Day jessamine (Cestrum diurnum) is an evergreen shrub native to the West Indies and is cultivated worldwide for ornamental purposes. The shrub has smooth-edged, ovate leaves and blooms white, trumpet-shaped flowers in stalked clusters which are mildly fragrant during the day and intensifies at night. C. diurnum blooms are followed by 1/4 inch green oval berry fruits which turn a glossy black or eggplant purple as they ripen to shiny blue-black, each containing between 4-14 seeds.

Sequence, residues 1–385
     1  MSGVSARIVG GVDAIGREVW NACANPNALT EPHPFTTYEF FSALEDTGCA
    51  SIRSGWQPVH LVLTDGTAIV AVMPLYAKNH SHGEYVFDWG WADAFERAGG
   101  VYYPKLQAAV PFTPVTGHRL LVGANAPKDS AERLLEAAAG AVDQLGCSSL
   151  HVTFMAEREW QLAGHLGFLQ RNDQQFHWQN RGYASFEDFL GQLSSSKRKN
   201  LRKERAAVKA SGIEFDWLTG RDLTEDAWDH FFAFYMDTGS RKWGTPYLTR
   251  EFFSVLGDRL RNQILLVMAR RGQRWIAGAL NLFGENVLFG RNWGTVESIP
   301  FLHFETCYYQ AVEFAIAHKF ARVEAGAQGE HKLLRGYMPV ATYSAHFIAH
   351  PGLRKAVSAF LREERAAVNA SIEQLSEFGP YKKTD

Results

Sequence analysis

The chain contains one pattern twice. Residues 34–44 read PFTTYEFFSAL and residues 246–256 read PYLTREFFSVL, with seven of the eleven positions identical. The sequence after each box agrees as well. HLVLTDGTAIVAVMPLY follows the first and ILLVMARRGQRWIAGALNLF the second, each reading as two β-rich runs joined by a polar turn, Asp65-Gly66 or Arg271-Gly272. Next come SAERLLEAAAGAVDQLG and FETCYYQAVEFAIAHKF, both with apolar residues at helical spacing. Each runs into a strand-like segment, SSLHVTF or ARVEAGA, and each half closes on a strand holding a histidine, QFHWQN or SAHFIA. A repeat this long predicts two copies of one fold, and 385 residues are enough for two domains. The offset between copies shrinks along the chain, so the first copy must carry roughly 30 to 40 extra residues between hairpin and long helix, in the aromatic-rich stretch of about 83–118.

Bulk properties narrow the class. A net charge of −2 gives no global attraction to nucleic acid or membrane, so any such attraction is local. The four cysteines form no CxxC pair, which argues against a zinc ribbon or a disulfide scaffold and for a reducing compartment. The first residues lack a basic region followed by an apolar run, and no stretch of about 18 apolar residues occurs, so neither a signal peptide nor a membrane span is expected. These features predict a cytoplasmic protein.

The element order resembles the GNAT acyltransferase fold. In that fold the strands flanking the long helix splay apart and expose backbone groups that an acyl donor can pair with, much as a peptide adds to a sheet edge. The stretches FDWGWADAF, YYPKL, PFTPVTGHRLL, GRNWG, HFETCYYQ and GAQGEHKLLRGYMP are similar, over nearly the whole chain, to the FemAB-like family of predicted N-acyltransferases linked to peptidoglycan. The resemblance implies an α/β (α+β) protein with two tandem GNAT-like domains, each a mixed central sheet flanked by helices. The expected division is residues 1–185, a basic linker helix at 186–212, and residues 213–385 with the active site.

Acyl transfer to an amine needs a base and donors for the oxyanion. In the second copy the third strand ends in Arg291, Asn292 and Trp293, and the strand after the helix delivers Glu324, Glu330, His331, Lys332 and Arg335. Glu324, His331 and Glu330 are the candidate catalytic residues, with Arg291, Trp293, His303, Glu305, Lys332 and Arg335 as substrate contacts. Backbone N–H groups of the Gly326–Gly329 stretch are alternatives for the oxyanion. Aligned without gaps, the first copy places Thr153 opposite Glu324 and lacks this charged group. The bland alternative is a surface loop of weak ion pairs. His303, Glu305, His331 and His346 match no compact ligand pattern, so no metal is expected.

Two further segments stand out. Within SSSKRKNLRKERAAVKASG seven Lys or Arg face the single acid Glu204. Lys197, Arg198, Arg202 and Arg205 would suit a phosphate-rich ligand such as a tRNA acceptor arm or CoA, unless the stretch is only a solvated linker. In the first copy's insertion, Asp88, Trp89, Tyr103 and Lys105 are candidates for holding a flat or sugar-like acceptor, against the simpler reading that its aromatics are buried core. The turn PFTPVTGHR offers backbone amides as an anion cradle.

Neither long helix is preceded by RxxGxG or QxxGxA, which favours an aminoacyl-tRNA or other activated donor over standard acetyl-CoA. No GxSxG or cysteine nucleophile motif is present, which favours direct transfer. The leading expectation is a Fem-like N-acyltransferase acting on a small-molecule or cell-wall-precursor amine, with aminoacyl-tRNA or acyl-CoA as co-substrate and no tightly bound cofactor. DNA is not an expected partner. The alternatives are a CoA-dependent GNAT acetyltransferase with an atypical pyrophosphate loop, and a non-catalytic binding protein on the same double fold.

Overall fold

Toxic components C. diurnum contains calcinogenic glycosides of vitamin D (1,25-dihydroxy vitamin D3), which results in vitamin D intoxication. Chicks fed C. diurnum leaves developed nephrocalcinosis, demineralization of bones, calcinosis, and hypercalcemia.